Rowing through the Salish Sea was a history lesson for Ryan Hashagen and Heather Longfellow.
The Portland, Oregon, pair started out in early August on a rowing adventure that took them from Anacortes in Washington state to Thetis Island and back — all in an 18-foot plywood dory that the 36-year-old Hashagen built while in high school.
Hashagen, who build tricycles for selling ice cream, said he felt the trip with Longfellow, 29, was “echoing” elements of the past.
“As someone who grew up in the Salish Sea, I have really cherished reading the histories of the settlers and the First Nations who have long inhabited the area,” he said, adding that he was raised in the Puget Sound area.
“It’s fascinating to travel at a pace similar to how the region has been travelled for so many years.”
The trip began on the B.C. Day long weekend with a three-day row from Anacortes to Sidney, Hashagen said. Once there, he and Longfellow made a foray onto dry land, visiting Salt Spring and then hitchhiking to Tofino.
“We hitched right off the Vesuvius ferry and had immediate luck with a series of kind and generous drivers,” he said.
Longfellow said it took two days to make it to Tofino.
After that, it was back to the boat for another five or six days of rowing. All told, Hashagen and Longfellow covered about 175 kilometres on the water.
Hashagen said his boat had previously been on another lengthy trip that included time in Canada.
“I took it one time a little over a decade ago from Bellingham to Ganges on Salt Spring,” he said. “This time I had Heather join me and with her on board, we were able to paddle quite quickly and rode the tides.
“She even made a little sail that we were able to deploy a few times.”
Longfellow said the two-metre by 1.5-metre sail was made out of a thick canvas curtain emblazoned with hand-painted barn swallows.
“We patterned its shape from the top of a much larger jib sail,” she said.
There was no shelter on the boat, but the weather on the trip co-operated so none was needed.
“Spectacular weather,” Hashagen said. “The wind was glassy calm. The tides were our biggest influence, just making sure we were timing the current correctly.
“The days would range from a few hours of paddling to 10 hours in the boat, sitting there together going as far as we could.”
Longfellow said she had a number of highlights when it came to wildlife along the way.
“Frolicking baby river otters on the northern tip of Coal Island facing Goudge Island. Spindly crabs climbing up eelgrass and kelp beds. A cosmos of jellyfish surrounding our small craft in Stuart Channel.”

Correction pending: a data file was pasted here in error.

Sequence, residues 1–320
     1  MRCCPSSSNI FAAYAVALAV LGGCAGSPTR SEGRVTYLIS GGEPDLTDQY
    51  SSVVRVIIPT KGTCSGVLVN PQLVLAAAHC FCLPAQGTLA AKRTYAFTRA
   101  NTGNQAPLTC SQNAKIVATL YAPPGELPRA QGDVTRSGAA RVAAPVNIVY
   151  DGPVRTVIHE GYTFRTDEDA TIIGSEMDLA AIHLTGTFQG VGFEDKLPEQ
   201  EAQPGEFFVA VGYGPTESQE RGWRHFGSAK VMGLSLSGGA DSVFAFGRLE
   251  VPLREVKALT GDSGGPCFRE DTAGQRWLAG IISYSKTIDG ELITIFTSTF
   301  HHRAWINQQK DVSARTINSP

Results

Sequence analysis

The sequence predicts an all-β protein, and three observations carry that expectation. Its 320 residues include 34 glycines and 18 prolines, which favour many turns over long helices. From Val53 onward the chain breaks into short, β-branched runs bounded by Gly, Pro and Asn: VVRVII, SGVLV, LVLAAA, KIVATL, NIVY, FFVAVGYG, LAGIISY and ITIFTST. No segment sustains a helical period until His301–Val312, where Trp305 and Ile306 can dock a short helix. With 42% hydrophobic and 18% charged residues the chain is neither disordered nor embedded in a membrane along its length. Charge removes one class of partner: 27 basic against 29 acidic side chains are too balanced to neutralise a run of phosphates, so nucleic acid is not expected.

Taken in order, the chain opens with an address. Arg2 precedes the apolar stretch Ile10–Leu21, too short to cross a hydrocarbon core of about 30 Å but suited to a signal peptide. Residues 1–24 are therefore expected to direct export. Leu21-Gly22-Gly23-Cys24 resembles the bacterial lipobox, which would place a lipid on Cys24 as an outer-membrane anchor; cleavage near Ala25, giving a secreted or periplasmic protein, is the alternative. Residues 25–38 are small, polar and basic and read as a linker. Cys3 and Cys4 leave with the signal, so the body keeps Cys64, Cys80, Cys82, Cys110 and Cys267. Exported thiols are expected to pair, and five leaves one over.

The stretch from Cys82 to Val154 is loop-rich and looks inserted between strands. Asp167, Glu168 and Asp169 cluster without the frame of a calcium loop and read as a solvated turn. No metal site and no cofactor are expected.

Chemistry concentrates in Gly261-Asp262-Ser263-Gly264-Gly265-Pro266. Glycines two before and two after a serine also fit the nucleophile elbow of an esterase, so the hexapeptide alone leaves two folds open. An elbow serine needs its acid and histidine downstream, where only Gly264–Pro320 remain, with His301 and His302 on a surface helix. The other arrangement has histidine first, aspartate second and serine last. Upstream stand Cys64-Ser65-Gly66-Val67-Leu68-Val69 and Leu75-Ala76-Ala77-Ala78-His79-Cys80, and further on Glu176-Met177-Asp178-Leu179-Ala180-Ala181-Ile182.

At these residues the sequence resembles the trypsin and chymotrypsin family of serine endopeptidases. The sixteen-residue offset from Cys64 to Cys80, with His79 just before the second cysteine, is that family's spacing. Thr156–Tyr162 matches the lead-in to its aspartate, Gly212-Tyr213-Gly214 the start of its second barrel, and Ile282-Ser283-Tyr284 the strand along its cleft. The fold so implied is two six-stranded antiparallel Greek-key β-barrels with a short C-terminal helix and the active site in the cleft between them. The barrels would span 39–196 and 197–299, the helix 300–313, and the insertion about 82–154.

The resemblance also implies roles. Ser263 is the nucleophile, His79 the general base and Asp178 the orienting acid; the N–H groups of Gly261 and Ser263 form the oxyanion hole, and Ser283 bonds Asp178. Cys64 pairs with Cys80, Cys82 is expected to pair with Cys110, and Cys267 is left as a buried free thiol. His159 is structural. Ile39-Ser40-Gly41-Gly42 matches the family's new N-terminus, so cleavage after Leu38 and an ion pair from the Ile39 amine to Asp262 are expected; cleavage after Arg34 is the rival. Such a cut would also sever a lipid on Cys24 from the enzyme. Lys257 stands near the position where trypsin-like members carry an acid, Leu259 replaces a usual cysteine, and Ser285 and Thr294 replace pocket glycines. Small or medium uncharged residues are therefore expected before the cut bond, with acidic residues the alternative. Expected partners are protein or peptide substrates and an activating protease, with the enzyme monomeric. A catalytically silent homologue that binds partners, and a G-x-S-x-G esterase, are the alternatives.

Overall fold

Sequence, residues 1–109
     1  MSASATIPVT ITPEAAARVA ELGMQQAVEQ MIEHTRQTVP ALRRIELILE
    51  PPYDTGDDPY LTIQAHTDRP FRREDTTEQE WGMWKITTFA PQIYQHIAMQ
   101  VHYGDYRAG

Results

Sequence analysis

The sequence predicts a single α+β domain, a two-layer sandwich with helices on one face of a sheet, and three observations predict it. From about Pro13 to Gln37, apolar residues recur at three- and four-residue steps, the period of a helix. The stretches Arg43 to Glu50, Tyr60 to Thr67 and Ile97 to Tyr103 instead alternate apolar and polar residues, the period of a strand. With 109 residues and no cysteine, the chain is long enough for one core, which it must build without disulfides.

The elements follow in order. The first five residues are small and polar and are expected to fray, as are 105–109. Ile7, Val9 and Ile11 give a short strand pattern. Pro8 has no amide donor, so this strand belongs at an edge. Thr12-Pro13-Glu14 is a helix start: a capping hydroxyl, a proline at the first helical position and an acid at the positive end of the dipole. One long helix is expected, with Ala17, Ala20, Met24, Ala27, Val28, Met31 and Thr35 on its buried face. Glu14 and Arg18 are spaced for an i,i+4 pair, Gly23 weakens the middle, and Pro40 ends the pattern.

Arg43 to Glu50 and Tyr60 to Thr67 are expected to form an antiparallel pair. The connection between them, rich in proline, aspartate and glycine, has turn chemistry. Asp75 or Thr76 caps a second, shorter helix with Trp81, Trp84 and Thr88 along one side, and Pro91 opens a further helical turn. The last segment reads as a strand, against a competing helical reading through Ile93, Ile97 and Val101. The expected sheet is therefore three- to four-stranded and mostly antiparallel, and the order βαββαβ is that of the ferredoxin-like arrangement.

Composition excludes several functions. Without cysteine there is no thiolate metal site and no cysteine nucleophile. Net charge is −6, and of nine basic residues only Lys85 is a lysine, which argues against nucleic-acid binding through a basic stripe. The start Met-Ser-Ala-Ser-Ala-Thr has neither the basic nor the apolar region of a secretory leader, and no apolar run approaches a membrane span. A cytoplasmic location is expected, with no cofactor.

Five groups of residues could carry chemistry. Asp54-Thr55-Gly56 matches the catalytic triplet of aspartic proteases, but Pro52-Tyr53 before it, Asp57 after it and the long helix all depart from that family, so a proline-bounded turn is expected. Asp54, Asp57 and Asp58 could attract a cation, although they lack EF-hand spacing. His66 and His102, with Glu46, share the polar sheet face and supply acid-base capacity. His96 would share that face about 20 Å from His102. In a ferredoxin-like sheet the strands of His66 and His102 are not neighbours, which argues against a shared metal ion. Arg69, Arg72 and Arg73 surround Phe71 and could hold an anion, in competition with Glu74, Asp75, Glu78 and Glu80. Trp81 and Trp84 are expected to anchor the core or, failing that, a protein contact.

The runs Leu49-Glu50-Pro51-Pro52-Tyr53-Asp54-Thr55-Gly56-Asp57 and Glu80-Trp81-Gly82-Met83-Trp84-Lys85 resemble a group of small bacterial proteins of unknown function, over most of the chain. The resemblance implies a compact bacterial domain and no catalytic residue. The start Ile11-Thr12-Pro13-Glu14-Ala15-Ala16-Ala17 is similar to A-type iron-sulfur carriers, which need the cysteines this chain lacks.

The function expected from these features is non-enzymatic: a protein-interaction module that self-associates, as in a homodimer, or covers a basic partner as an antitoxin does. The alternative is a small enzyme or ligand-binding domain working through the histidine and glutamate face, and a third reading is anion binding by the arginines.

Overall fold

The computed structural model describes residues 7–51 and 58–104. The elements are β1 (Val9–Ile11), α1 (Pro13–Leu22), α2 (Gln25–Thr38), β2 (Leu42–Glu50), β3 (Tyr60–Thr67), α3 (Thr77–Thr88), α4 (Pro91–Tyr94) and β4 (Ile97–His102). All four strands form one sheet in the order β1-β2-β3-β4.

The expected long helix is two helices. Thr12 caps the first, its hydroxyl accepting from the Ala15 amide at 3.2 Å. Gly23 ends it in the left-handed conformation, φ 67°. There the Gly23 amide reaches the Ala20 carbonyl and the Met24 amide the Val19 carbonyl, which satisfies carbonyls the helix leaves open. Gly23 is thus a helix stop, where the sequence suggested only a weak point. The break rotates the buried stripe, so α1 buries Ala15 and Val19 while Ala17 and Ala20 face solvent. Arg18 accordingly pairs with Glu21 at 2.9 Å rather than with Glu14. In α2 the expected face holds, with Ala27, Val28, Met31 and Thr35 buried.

Hashagen said he and Longfellow spent only one night sleeping on board, anchored in Ganges Harbour.
“We were mostly using the B.C. and the Salish Sea marine trail campsites,” he said, praising the marine-trail system.
“It was a constant resource for us,” he said. “It was a wonderful facilitator of travel like this. Every day we were pulling it up on our phones, really planning our trip.”
The pair took turns at the basic duties on the boat.
“One of us would be at the rowing station using two oars and then another would be using a canoe paddle in the stern and we would switch out positions,” Hashagen said. “I would row for a while and she would row for a while.”
The canoe paddle served as both a rudder and an added mode of propulsion, he said.
Hashagen took plenty of pictures, and has posted some of the best on social media.
“It was just a way to share with friends back home in the States and all my family up north, as well.”
On the trip’s return leg, Hashagen and Longfellow once again reached Anacortes but this time took the ferry from Sidney.
“We were able to literally just put the boat on a skateboard and take it onto the ferry.”
Skateboards served a dual purpose on the trip, he said.
“Heather and I both brought skateboards with us so we could travel around when we were on shore, but then it also doubled as our boat trailer, when necessary.”
Hashagen said he has a strong family connection to B.C.
“I’ve always straddled the border a little bit,” he said. “We definitely do share the Strait of Georgia, Puget Sound, the Salish Sea.
“Victoria and the Gulf Islands hold a special spot in my heart just for how welcoming they are, the geography of it, the tidal influence.”
He said he would have liked the trip to take longer.
“We were quite hesitant to go home,” he laughed. “If it wasn’t for life and work and whatnot, we would have loved to stay.”